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Some clarifications on HP’s SLA

by Lydia Leong  |  December 7, 2012  |  6 Comments

I corresponded with some members of the HP cloud team in email, and then colleagues and I spoke with HP on the phone, after my last blog post called, “Cloud IaaS SLAs can be Meaningless“. HP provided some useful clarifications, which I’ll detail below, but I haven’t changed my fundamental opinion, although arguably the nuances make the HP SLA slightly better than the AWS SLA.

The most significant difference between the SLAs is that the HP’s SLA is intended to cover a single-instance failure, where you can’t replace that single instance; AWS requires that all of your instances in at least two AZs be unavailable. HP requires that you try to re-launch that instance in a different AZ, but a failure of that launch attempt in any of the other AZs in the region will be considered downtime. You do not need to be running in two AZs all the time in order to get the SLA; for the purposes of the SLA clause requiring two AZs, the launch attempt into a second AZ counts.

HP begins counting downtime when, post-instance-failure, you make the launch API call that is destined to fail — downtime begins to accrue 6 minutes after you make that unsuccessful API call. (To be clear, the clock starts when you issue the API call, not when the call has actually failed, from what I understand.) When the downtime clock stops is unclear, though — it stops when the customer has managed to successfully re-launch a replacement instance, but there’s no clarity regarding the customer’s responsibility for retry intervals.

(In discussion with HP, I raised the issue of this potentially resulting in customers hammering the control plane with requests in mass outages, along with intervals when the control plane might have degraded response and some calls succeed while others fail, etc. — i.e., the unclear determination of when downtime ends, and whether customers trying to fulfill SLA responsibilities contribute to making an outage worse. HP was unable to provide a clear answer to this, other than to discuss future plans for greater monitoring transparency, and automation.)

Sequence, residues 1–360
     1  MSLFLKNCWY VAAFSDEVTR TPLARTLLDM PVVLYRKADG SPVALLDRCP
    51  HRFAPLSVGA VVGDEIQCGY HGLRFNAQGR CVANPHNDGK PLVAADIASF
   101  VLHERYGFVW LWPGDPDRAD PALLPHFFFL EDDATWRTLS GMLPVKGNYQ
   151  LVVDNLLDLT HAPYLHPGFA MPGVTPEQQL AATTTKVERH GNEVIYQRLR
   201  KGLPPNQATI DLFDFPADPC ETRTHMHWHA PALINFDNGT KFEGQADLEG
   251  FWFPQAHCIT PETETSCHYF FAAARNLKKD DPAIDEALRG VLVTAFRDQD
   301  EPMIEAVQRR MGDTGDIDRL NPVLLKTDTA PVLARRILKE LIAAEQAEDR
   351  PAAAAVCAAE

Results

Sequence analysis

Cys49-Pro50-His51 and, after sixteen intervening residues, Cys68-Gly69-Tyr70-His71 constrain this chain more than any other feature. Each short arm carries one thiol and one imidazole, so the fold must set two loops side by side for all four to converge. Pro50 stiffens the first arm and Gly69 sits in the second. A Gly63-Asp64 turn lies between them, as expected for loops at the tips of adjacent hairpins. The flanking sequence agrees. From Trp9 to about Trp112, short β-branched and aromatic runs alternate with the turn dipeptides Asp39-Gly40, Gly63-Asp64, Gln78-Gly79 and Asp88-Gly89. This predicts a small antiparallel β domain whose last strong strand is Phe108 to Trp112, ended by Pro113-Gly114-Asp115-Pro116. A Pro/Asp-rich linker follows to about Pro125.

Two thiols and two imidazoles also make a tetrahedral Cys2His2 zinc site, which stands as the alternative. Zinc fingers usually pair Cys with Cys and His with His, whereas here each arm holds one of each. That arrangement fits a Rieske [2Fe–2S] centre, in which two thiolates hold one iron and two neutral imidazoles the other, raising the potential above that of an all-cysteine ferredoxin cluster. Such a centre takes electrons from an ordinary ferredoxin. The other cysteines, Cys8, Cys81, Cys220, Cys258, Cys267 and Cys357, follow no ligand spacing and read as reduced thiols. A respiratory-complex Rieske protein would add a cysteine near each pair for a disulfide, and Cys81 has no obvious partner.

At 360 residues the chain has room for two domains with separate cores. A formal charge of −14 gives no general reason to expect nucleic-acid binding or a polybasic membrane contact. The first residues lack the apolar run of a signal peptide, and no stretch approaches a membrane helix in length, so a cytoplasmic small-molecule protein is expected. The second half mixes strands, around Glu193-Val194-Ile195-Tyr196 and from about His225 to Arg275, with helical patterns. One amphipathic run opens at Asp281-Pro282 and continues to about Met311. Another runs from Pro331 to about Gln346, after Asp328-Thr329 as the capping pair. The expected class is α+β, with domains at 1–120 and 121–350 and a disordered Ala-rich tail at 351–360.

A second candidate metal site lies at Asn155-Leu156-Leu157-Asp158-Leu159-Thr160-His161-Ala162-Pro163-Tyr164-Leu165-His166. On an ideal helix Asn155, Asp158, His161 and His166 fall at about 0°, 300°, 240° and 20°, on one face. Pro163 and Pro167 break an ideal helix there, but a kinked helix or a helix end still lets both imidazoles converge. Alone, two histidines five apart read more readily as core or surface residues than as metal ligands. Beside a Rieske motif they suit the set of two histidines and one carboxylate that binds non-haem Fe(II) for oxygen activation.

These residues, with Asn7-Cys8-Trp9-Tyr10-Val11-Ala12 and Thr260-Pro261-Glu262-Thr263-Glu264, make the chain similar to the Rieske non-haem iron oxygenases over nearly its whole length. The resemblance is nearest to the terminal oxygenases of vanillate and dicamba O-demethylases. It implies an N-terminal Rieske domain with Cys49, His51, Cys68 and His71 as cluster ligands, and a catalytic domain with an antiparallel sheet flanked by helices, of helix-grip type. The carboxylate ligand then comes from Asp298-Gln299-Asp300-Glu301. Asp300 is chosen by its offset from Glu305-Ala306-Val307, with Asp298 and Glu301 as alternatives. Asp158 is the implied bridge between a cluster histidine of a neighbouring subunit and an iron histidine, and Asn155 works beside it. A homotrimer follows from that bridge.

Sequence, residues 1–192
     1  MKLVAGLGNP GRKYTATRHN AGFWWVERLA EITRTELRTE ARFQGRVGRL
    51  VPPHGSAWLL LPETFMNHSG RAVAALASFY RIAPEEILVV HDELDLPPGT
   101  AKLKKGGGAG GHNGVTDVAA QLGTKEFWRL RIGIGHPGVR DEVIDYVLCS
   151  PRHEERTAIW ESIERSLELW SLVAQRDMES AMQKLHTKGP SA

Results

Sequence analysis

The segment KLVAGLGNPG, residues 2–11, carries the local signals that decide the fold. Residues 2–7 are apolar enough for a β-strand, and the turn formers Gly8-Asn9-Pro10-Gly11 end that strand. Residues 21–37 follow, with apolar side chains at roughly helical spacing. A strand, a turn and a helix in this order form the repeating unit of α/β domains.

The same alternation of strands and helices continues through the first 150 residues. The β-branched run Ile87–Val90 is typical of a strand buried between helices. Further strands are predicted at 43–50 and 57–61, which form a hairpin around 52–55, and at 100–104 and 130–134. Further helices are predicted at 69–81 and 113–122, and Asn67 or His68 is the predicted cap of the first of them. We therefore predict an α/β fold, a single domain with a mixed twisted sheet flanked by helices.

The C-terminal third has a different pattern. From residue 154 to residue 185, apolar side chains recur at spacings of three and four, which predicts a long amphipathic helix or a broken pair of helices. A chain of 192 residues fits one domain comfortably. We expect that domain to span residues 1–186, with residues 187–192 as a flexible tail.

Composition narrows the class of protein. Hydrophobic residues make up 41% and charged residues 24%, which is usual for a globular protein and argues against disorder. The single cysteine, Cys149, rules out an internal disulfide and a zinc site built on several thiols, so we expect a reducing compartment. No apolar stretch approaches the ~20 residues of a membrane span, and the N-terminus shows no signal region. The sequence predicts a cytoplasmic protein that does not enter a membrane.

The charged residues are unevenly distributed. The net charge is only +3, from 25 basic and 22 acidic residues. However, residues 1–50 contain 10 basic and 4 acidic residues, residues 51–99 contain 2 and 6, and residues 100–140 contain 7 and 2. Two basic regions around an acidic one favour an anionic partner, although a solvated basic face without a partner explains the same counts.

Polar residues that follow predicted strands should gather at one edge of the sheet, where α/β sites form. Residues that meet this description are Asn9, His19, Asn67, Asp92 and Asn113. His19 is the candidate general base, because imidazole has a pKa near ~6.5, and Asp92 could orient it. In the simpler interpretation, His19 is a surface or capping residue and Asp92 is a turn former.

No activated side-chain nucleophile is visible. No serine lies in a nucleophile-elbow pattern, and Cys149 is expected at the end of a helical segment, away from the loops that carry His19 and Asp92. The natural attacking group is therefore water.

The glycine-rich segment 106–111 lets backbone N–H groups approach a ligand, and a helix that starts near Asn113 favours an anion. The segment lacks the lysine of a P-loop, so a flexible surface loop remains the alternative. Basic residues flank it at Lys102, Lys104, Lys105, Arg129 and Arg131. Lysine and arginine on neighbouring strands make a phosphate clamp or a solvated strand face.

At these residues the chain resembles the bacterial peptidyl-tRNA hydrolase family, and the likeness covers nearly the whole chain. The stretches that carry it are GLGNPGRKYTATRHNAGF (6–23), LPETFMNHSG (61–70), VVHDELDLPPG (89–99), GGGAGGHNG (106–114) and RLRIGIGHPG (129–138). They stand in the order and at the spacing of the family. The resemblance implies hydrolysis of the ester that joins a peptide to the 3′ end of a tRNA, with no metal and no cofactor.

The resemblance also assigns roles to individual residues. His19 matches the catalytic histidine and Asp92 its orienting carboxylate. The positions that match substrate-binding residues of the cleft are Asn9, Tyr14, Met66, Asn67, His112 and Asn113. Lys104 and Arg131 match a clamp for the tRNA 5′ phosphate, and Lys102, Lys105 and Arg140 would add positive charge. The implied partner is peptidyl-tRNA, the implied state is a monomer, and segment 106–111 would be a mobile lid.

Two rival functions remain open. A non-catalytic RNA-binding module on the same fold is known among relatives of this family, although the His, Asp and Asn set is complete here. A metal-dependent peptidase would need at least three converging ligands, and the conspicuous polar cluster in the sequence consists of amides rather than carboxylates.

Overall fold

I’ve read an awful lot of SLAs over the years — cloud IaaS SLAs, as well as SLAs for a whole bunch of other types of services, cloud and non-cloud. The best SLAs are plain-language comprehensible. The best don’t even need examples for illustration, although it can be useful to illustrate anything more complicated. Both HP and AWS sin in this regard, and frankly, many providers who have good SLAs still force you through a tangle of verbiage to figure out what they intend. Moreover, most customers are fundamentally interested in solution SLAs — “is my stuff working”, regardless of what elements have failed. Even in the world of cloud-native architecture, this matters — one just has to look at the impact of EBS and ELB issues in previous AWS outages to see why.

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Category: infrastructure  

Tags: cloud  iaas  

Lydia Leong
VP Distinguished Analyst
16 years at Gartner
23 years IT industry

Lydia Leong covers cloud computing and infrastructure strategies, along with a broad range of topics related to the transformation of IT organizations, data centers, and technology providers.Read Full Bio

Thoughts on Some clarifications on HP’s SLA

  1. […] HP, qui a réagi au billet incendiaire de l’analyste, les exigences imposées par le groupe semblent davantage tournerà l’avantage du client, […]

  2. […] a replacement instance. That’s a really important or. Lydia Leong over at Gartner has a much more detailed analysis of this that you probably want to read. For my part, I’d like to illustrate some theoretical […]

  3. Blake Yeager says:

    Based on our dialogue regarding SLAs I’ve posted a blog to help clarify the HP Cloud Services approach to SLAs!

  4. […] Lydia Leong takes a deeper look at HP’s latest SLAs, and suggests that they may not be living up to their own rhetoric either. There’s plenty of […]

  5. […] Lydia Leong takes a deeper look at HP’s latest SLAs, and suggests that they may not be living up to their own rhetoric either. There’s plenty of work […]

  6. […] her subsequent blog post, titled “Some clarifications on HP’s SLA”, Leong clarified that, to be considered downtime, “HP’s SLA is intended to cover a […]

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